Acura TL review: latest version a big improvement
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Acura, the first Japanese luxury brand, is reinventing itself.
Not the mild, here’s-our-new-car, hope-you-like-the-grille reinvention companies talk about all the time. No, Honda’s upscale brand is having a Buick/Lincoln/Titanic-level, what-went-wrong-and-how-do-I-fix-it moment.
For a brief time, Acura was arguably the most appealing Japanese brand. Early Acuras like the Legend, Integra and the first TL combined value, performance and panache in a manner other automakers feared and envied.
Then, like Buick and Lincoln, Acura lost its way. How it happened doesn’t really matter, unless you’re an MBA student looking to chronicle a corporate crash-and-burn. A string of bland, uncompetitive and unattractive vehicles left the brand with a vaguely premium image, but no hardware to justify it.
The 2012 TL sedan is a midway point between Acura’s recent low point and the heights it aspires to.
It’s a good start, not an all-new model, but a significantly improved version of an existing car.
A flood of new cars is about to hit Acura dealerships. The ILX compact sedan and RDX midsize crossover are to arrive this spring. The larger RLX sedan is to follow in the fall.
An all-new version of the legendary NSX, which was Japan’s first exotic car, should hit the road in about three years.
Prices for the 2012 Acura TL start at $35,705 for a front-wheel drive model with a six-speed automatic transmission and 280-horsepower 3.5-liter V6. The TL SH-AWD features all-wheel drive for better handling, a 305-horsepower 3.7-liter V6 and the six-speed automatic. Prices start at $39,255. A six-speed manual is available on 3.7-liter AWD models starting at $42,985.
I tested a very well equipped TL SH-AWD Advance. It had a navigation system, blind-spot alert, heated and ventilated front seats and a very attractive interior. It stickered at $45,185. All prices exclude destination charges.
The car I tested cost less than similarly equipped models of those cars. It also has slightly less power and higher fuel costs than most of them.
The 2012 TL SH-AWD has lots to recommend it, though. Its face-lifted exterior styling eliminates the beak-like grille that disfigured the previous TL and most recent Acuras. The headlights and taillights are new. The exterior is otherwise little changed.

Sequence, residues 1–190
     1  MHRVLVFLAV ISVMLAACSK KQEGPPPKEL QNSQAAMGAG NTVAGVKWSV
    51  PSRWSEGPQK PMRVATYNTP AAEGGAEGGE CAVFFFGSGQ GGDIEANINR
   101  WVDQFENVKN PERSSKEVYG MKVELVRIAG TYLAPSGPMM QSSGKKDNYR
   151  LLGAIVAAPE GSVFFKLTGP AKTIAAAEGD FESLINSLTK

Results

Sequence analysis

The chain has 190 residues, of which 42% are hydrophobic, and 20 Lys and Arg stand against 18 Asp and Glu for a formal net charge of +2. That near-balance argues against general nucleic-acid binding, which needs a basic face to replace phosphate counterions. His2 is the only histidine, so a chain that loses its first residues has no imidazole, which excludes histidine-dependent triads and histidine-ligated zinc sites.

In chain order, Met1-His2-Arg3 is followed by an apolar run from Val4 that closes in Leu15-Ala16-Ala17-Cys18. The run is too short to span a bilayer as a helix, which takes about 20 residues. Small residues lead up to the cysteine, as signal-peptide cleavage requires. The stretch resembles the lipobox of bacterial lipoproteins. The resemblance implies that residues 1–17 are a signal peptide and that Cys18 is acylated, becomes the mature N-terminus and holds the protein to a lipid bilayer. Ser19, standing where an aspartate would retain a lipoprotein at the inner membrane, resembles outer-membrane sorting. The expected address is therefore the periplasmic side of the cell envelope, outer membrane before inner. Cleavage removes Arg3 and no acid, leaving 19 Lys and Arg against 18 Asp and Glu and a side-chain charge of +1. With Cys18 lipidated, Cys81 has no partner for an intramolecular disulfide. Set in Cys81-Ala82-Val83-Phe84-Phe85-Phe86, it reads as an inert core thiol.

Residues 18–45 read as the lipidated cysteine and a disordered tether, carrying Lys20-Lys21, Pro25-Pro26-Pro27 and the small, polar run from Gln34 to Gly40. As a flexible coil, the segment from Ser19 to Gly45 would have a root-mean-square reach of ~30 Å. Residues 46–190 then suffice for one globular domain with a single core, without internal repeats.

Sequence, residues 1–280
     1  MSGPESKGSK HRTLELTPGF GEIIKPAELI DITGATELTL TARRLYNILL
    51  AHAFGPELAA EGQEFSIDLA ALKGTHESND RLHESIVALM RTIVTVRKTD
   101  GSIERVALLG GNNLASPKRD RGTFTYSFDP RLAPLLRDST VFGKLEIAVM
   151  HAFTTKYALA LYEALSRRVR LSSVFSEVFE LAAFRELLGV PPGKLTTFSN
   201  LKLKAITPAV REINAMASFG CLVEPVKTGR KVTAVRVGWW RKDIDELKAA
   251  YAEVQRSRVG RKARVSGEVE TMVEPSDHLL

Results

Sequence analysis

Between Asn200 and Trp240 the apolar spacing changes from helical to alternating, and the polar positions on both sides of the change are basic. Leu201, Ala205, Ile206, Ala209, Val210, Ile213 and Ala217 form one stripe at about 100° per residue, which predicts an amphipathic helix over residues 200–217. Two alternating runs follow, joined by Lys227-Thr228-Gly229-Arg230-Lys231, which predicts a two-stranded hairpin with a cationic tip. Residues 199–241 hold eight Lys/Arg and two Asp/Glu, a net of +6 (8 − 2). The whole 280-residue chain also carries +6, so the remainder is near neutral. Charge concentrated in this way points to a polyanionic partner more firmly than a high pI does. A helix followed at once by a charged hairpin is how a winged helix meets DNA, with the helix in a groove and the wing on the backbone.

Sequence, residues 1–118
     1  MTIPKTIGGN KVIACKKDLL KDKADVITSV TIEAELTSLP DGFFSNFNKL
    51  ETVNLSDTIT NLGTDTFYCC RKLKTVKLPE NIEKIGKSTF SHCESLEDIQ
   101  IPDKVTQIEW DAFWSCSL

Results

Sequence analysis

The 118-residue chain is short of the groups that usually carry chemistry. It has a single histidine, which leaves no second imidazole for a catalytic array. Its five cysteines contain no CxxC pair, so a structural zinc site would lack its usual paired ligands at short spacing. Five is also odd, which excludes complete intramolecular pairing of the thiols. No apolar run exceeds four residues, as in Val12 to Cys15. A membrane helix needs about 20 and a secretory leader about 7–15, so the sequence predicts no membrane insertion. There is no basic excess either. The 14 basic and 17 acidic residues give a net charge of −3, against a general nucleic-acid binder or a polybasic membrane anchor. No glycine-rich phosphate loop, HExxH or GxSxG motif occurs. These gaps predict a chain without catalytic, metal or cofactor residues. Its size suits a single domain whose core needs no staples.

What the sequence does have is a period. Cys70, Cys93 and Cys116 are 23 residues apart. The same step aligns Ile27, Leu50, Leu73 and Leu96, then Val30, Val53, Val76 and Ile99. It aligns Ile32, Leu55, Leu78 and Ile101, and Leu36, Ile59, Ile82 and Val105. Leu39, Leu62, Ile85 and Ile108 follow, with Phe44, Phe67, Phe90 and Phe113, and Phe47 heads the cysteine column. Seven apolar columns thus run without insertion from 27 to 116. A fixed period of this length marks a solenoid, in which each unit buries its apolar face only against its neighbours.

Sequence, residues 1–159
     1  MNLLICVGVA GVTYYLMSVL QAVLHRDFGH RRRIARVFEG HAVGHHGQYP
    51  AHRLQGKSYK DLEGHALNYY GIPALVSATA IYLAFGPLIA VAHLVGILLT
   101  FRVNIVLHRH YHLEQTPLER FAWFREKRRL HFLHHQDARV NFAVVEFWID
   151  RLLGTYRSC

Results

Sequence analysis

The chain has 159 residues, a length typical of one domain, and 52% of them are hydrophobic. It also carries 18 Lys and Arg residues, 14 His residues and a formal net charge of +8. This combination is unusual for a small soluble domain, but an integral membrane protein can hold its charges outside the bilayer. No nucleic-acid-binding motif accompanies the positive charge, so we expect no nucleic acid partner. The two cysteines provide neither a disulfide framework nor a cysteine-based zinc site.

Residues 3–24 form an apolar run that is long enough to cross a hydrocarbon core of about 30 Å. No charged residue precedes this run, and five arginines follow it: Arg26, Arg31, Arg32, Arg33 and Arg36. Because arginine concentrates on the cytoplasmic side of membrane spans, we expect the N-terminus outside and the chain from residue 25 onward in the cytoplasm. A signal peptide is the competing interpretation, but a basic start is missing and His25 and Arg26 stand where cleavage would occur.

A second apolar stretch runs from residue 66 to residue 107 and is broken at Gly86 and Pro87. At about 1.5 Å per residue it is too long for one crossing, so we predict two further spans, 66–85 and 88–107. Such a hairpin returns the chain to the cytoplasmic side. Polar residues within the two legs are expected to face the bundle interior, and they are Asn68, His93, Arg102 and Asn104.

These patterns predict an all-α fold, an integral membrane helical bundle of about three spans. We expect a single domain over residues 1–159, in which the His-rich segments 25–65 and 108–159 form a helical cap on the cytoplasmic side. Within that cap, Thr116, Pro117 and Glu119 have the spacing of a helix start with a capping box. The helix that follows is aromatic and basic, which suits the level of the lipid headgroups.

The interior is outstanding. It features an attractive design and appealing materials, including lovely brown perforated leather upholstery in the car I tested.
The dash and door uppers were wrapped in soft black plastic, while a combination of mesh-pattern and brushed metal trim adorned the center console and many controls.
The controls themselves are rather cumbersome, however, particularly the multipurpose dial in the center stack. The car’s voice-recognition is poor. It had trouble with commands. Maddeningly, it kept interrupting me with announcements during hands-free phone calls.
The interior offers good passenger room and comfortable seats. The 12.5-cubic-foot trunk is smaller than the competitors’. Its narrow opening will make it hard to load big objects.
The TL’s handling is very good. The car cornered well, staying stable and flat in high-speed maneuvers. The steering was responsive.
The ride was harsh, bouncing noticeably over rough surfaces. The car’s interior is much quieter at highway speeds than the previous TL.
The 3.7-liter V-6 in the car I tested has plenty of power for acceleration and high-speed cruising. The six-speed automatic is new for the 2012 model year.
Despite the new transmission, the 2012 TL’s fuel economy is not impressive. Its EPA rating of 18 mpg in the city, 26 on the highway and 21 in combined driving is worse than comparable AWD models of the A6, 535i and E350.
The AWD Cadillac CTS4 Performance model has essentially the same fuel economy, but will cost less to run because it uses regular gasoline. The TL, and the other competitors I’ve named, use premium. The TL matches the fuel economy of the new GS 350 AWD and beats the M37x.
The 2012 Acura TL SH-AWD doesn’t return Acura to the front rank of upscale brands, but its good value, terrific interior, updated styling and spirited performance are a major step in the right direction. For the first time in years, Acura has a midsize sport sedan that’s worth a long look from shoppers.
2012 ACURA TL
Type of vehicle: Front- or all-wheel drive five-passenger sport sedan
Rating: Three out of four stars
Reasons to buy: Interior look and feel, all-wheel drive, handling
Shortcomings: Fuel economy, voice-recognition system, luggage space
Base price: $35,705
Price as tested: $45,185
All prices exclude destination charges.